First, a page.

Are retailers able to make more money by designing trolleys differently? One handlebar activates ‘negative triceps related to rejecting’, but the ‘wheelbarrow’ design targets positive’ biceps.

  • New research has shown that the trolley type you choose can have an impact on what you purchase.
  • Researchers believe it has to do with how the handlebar is designed. 
  • Horizontal trolleys that are standard activate the triceps. They can also be used to remove things from our lives.
  • The new handle design was activated for biceps use. This is connected to what we enjoy.  










According to research, supermarkets may be able to make shoppers spend more by changing the design of their shopping bags. 

A study, led by Bayes Business School, of London’s City University, looked into how using different styles of trolley can influence buying decisions.

Authors Professor Zachary Estes and Mathias Streicher tested traditional carts with a horizontal handlebar (as found in most supermarkets), against a new design with parallel handles (similar to those on a wheelbarrow), currently not used in major stores.

They found shoppers spent an average of 25 per cent more using the parallel handle trolley compared to a regular trolley. 

The key is the difference in the muscles that are activated while shopping, and their psychological associations. 

A study, led by Bayes Business School, of London's City University, looked into how using different styles of trolley can influence buying decisions. It found shoppers spent an average of 25 per cent more using the parallel handle trolley (pictured) compared to a regular trolley because it activates 'positive' biceps, instead of 'negative' triceps

Bayes Business School of London’s City University led a study that examined how the use of different trolley styles can affect buying decisions. It found shoppers spent an average of 25 per cent more using the parallel handle trolley (pictured) compared to a regular trolley because it activates ‘positive’ biceps, instead of ‘negative’ triceps

Traditional carts (above) activate the triceps muscle, at the back of the arm, which is associated with rejecting things we don't like (pushing or holding something away)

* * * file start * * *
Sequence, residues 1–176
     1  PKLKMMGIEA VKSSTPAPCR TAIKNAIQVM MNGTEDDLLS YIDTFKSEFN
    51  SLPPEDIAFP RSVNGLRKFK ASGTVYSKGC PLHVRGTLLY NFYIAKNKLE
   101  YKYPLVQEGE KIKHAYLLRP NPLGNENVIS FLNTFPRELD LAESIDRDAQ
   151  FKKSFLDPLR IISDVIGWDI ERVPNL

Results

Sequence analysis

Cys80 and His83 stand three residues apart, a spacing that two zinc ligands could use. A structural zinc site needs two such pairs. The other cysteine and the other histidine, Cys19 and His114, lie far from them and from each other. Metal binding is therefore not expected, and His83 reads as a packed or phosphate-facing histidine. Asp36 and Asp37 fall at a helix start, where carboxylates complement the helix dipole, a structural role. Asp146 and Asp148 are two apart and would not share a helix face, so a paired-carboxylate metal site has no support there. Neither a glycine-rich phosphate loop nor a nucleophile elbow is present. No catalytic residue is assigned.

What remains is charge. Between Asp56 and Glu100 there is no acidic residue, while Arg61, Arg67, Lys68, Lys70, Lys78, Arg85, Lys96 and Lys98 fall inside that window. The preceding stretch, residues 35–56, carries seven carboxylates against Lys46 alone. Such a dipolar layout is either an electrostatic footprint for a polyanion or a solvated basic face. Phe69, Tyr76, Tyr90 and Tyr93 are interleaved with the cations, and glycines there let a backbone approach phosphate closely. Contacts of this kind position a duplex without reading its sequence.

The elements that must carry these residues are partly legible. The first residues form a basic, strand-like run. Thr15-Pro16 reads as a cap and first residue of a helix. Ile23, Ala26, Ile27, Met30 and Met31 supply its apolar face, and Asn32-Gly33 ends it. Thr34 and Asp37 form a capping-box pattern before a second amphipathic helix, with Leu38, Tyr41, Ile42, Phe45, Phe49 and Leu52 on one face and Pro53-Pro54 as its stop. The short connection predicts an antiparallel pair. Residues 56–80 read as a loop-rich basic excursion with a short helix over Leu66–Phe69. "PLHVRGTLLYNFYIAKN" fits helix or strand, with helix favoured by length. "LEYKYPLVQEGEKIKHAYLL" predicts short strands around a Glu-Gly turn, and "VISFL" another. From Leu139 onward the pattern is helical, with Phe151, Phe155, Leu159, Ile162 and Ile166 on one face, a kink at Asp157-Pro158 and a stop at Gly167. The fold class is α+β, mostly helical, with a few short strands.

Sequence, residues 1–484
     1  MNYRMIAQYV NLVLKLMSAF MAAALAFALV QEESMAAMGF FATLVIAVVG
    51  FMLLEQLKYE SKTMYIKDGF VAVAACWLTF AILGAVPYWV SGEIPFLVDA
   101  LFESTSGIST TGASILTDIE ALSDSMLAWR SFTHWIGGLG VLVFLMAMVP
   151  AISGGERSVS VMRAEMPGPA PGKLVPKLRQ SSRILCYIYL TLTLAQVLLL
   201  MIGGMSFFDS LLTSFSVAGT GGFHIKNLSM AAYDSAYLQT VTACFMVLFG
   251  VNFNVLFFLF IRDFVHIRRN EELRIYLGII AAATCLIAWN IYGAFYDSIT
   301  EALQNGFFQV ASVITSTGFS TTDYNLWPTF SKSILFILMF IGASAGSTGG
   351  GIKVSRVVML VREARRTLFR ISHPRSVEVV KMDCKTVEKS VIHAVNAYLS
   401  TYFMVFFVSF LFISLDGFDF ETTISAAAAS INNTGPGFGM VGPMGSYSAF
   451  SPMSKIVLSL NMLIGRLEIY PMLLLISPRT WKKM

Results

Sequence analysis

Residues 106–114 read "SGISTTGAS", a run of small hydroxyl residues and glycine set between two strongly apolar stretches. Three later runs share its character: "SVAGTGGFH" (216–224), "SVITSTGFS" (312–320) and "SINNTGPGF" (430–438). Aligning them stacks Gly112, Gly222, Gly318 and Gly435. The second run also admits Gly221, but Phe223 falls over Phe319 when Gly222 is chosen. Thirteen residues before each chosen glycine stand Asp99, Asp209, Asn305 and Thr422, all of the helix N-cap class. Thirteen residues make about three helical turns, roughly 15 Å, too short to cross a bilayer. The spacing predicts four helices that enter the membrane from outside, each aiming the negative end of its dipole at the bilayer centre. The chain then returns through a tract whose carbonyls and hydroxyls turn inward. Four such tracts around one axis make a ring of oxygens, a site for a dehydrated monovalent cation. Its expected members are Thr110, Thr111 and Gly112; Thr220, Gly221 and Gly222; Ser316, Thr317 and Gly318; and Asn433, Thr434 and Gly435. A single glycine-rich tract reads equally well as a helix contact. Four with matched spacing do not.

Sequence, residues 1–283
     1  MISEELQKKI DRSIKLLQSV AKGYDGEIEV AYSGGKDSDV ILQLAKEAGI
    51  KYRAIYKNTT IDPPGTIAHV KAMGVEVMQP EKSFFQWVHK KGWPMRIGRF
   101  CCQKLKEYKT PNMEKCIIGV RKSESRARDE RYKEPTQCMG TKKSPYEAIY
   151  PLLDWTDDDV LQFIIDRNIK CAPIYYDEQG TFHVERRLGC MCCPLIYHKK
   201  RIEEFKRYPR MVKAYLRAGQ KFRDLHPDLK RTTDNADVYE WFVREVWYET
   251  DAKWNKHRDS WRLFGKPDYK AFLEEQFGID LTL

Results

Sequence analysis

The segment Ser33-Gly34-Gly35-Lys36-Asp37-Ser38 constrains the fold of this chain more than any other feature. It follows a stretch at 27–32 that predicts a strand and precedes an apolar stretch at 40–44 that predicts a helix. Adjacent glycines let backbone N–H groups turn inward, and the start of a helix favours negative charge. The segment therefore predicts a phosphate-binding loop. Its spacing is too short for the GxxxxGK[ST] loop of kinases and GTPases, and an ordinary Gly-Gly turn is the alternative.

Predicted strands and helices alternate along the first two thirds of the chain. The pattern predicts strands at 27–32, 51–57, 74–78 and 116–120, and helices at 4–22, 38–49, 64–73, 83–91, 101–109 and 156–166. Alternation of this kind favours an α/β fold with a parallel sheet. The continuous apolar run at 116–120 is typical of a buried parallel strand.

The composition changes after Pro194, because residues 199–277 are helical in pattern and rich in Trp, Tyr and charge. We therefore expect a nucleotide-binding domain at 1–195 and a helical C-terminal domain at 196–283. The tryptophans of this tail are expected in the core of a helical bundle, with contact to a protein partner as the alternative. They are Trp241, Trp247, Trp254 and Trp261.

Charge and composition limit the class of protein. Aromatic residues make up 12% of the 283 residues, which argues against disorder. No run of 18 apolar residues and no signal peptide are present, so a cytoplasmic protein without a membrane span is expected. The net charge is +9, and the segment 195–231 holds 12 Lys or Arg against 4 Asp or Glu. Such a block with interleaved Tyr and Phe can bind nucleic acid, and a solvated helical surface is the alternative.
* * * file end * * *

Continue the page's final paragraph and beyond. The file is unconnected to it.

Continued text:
Traditional carts, as shown, activate the triceps muscle (at the back of your arm), which is associated to rejecting items (pushing or holding onto something).

Traditional carts stimulate the triceps muscle in the back of your arm. It is linked to rejecting what we don’t love (pushing or holding onto something).

However, activate the biceps in the front of your arm like the parallel handles. This is because it’s associated with items we love. They are activated by pulling or holding things near the body. 

Professor Estes, a Professor in Marketing at Bayes Business School, said the findings linking muscle use to spending could help shoppers control their festive budget.

He explained that shoppers can use their arms to grab items and reduce the time it takes to shop for gifts.

“If people want to reduce their spending, shopping carts can be a helpful and unexpected way to avoid unnecessary purchases.”

Study authors said it is 'shocking' to find that making a small change to the position of handles can have such a large impact on shoppers' spending. Pictured, the new trolley

The study’s authors stated that it’s shocking to discover how a minor change can have such an enormous impact on the shoppers’ purchasing habits. This is the new trolley. 

Professor Estes said is shoppers wish to minimise spending, standard shopping carts may act as 'a welcome and unexpected restraint to keep unnecessary purchases out of the cart'

According to Professor Estes, shoppers want to reduce their spending so standard shopping carts can be a welcome restraint that helps keep unneeded purchases from the cart.

The findings could also be used by retailers to sell more by providing customers with shopping carts with parallel handles.

The researchers found that leading manufacturers of shopping carts were shocked to discover how handles position can impact sales. They had never considered parallel handles before. 

‘It is shocking to find that making a small change to the position of handles can have such a large impact on shoppers’ spending,’ Professor Estes said.

“Indeed the handles actually cause us to shop more… but it seems that retailers have missed a trick to increase their sales.” 

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